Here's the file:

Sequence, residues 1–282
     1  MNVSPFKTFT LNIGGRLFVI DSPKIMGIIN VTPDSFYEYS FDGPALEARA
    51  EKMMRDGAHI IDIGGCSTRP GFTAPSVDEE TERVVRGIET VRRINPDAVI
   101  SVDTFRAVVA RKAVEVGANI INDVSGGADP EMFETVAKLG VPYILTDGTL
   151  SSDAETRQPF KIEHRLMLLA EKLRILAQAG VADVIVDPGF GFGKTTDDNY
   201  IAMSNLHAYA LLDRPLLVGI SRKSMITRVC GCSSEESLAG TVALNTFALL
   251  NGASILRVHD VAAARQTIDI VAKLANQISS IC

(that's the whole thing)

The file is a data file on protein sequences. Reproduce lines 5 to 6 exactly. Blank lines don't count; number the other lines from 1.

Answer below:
   151  SSDAETRQPF KIEHRLMLLA EKLRILAQAG VADVIVDPGF GFGKTTDDNY
   201  IAMSNLHAYA LLDRPLLVGI SRKSMITRVC GCSSEESLAG TVALNTFALL